More creative persons than not have indeed failed to secure the necessary investment to bring them in from the margins and all societies have been denied the fruits of their input and by untold amounts. In the public sector, the state has come to replace the aristocrat in this role with the private sector called to contribute also, even though it has already paid its taxes once into the central coffers. This so-called economy gives rise to some disturbing contradictions, such as the notion of creative entrepreneurship which is not obsessed with the bottom line, a well-known terror which inhabits all good entrepreneurs save the artists, who learn that profit is somehow not allowed under public support. The great casualties in this overarching model are of course the Emergent, those impecunious expressive creators who need investment only to find that former generations have taken up most of the resources and secured their future support in repeat financing deals.
As we move along the creativity-culture continuum the culture ages, and at some point may be observed to fall off the end of the conveyor of history into a new zone termed the Heritage. This is a recent phenomenon borne of a particular moment in intellectual and social history when the technology of war so surpassed understanding that old forms of Precision seemed to offer the only Comfort. This was a backward-looking strand that plucked past practices out of the morass of current keys to expression that were available, and dubbed them the Heritage in order to justify their preservation. Up until then we had all been able to be resolutely modern, each generation throwing down old models in favour of what were felt to be progressive and effective ways forward. Protestantism and the Puritans had already shown the way, destroying vast amounts of the preceding religious heritage, now in these discomforting times seen to impoverish us all even unto today.
Yet the Victorians had no qualms about pulling down old Georgian buildings and putting up new ones, built with new money of which there was a glut from the pillage of the colonies and to current standards. They themselves reckoned on the destruction of these artefacts within fifty years, at which point they were confident they would be replaced with something inconceivably modern. They weren’t to know that the demise of cheap income from the Empire would dry up and leave us all patching up their sometimes pretty rough efforts 130 years later.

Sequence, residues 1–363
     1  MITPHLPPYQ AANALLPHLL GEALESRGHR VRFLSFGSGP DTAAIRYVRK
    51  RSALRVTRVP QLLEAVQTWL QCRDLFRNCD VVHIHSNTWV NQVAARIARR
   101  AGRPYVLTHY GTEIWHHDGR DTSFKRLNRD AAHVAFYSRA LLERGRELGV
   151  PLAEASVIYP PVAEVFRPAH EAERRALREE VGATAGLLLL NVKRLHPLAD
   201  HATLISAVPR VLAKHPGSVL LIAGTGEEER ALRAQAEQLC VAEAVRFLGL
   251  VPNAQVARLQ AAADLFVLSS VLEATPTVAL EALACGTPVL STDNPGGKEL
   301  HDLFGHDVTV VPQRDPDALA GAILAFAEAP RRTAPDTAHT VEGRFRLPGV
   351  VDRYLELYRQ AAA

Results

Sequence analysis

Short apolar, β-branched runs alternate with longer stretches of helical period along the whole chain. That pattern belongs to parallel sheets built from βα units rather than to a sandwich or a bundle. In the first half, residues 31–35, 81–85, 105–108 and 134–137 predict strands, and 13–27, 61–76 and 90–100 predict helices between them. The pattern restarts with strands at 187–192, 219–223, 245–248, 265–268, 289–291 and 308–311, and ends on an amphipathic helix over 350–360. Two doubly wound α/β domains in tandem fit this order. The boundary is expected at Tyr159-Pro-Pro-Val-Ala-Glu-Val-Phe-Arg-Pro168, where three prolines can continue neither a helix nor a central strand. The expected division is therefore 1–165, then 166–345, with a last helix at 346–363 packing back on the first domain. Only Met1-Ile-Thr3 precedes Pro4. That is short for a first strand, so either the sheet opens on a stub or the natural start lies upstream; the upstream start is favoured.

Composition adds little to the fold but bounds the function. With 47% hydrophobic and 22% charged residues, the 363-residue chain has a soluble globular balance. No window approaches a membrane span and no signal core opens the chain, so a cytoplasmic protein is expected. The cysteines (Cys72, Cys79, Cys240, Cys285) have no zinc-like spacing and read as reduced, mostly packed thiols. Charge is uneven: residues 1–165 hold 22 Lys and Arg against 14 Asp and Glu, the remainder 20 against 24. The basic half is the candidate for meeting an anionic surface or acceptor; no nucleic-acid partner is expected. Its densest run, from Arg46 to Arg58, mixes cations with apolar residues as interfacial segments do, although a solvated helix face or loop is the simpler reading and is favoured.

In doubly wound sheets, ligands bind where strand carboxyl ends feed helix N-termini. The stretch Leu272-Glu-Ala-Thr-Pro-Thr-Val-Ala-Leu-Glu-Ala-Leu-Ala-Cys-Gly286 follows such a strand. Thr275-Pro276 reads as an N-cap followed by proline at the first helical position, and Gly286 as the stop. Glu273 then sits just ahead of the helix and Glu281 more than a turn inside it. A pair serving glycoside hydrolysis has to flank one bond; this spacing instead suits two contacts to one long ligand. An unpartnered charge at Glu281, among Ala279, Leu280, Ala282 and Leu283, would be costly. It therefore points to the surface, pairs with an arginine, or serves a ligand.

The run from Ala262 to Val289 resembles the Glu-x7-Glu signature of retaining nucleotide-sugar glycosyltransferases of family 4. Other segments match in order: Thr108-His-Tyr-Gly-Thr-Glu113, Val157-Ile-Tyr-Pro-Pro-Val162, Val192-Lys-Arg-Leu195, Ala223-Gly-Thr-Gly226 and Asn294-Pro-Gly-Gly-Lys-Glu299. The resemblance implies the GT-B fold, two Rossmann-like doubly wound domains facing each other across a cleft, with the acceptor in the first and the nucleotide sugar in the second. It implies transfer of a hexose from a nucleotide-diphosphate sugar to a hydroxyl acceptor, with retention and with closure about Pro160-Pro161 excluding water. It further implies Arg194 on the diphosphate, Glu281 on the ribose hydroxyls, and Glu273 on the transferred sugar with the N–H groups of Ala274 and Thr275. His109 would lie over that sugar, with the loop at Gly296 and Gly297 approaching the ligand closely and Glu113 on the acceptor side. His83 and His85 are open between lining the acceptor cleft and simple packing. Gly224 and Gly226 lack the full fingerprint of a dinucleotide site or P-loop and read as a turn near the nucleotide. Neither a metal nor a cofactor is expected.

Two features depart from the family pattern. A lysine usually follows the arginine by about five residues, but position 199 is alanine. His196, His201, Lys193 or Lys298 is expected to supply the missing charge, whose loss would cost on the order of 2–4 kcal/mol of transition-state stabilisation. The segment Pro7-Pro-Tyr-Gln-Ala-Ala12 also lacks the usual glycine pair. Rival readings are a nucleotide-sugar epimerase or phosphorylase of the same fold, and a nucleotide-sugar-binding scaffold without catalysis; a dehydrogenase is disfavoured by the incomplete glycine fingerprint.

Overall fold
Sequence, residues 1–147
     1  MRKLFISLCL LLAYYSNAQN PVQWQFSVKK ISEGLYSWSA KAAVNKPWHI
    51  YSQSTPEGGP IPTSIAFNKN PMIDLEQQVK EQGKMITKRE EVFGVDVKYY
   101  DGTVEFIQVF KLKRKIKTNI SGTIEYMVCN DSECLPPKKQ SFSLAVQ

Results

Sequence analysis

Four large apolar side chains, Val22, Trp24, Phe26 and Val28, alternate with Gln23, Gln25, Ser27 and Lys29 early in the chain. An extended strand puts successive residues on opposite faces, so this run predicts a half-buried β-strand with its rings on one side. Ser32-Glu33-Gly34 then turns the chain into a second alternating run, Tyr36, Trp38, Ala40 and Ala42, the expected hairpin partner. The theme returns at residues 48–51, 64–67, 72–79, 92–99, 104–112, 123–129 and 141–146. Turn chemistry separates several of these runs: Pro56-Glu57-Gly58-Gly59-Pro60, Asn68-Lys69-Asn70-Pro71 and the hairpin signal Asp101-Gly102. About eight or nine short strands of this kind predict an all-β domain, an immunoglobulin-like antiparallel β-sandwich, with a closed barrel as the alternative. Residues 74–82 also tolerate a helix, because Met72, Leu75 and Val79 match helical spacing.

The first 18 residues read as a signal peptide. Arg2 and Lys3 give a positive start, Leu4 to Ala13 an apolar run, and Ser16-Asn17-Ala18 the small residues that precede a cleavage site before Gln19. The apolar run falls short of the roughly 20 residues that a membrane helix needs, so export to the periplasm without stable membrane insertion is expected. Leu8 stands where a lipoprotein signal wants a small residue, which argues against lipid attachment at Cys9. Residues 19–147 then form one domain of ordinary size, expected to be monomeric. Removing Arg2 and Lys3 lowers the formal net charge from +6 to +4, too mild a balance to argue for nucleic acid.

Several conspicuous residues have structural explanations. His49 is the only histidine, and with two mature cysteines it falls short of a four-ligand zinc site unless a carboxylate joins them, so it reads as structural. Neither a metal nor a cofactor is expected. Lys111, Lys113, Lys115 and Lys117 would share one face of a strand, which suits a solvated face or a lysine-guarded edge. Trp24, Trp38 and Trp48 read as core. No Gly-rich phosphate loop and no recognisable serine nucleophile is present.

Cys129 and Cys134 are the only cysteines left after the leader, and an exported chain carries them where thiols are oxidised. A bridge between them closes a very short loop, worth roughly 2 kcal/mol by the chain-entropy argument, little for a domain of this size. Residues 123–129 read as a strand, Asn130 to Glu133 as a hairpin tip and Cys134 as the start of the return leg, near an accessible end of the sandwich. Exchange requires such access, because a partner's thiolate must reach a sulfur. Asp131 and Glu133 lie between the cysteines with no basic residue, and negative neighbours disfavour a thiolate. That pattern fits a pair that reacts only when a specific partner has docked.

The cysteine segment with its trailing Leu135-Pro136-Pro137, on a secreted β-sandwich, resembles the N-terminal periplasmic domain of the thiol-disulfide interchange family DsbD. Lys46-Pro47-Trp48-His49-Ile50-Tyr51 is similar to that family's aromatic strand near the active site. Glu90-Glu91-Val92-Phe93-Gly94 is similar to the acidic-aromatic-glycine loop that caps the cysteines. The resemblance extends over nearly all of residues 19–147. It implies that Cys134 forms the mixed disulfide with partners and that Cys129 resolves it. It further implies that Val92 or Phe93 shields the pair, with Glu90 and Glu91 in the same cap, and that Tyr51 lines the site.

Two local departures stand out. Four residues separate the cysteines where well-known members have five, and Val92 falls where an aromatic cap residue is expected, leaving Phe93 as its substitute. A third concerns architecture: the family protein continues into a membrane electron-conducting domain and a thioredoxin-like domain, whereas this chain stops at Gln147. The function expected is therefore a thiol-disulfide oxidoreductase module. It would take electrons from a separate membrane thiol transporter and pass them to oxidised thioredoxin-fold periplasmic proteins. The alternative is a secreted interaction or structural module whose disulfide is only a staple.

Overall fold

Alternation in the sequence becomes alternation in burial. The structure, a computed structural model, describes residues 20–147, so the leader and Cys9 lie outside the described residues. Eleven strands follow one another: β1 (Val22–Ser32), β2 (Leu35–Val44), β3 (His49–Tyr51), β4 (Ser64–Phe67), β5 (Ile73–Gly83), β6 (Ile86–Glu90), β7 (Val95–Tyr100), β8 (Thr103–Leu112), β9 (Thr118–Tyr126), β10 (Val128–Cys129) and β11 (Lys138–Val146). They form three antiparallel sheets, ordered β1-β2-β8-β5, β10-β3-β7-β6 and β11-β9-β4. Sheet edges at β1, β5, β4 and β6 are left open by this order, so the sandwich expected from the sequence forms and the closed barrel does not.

Nowadays one can see that in fact there is still an awful lot of heritage stuck in the culture where it lies sucking up the resources that should be being invested in the new creativities coming through. The greatest dilemma facing the advanced Western model of subsidised culture is the stranglehold that the heritage thus maintains on the culture to the exclusion of emergent creativity. Time is moving currently so fast that the previous expressive generation locks up resources for its own creativity and honours it by a recognition entitled Culture, thus preventing its own progeny from gaining access to the same resources it arrogates for itself, on some kind of as-of-right ticket. New models are urgently needed to release this creativity in the general population and give everyone access to it. Dr Ken Robinson has been a lone voice for creativity over several decades now but one which we would all do well to start heeding for real. The current teenagers across the globe are angry about the legacies of the previous generations and destined to become a new politicised generation whose energy must save the planet for us all. Their creativity has to be selected for release now if any of us are still to be here later and benefit from it.
To be continued…
 ‘A curriculum as it develops should revisit basic ideas repeatedly, building upon them until the student has grasped the full formal apparatus that goes with them.’ The Process of Education: Jerome Bruner (1960: 13)
 From a conversation in the ICA cafe with Andrew Missingham.
 View this: http://www.ted.com/talks/ken_robinson_says_schools_kill_creativity.html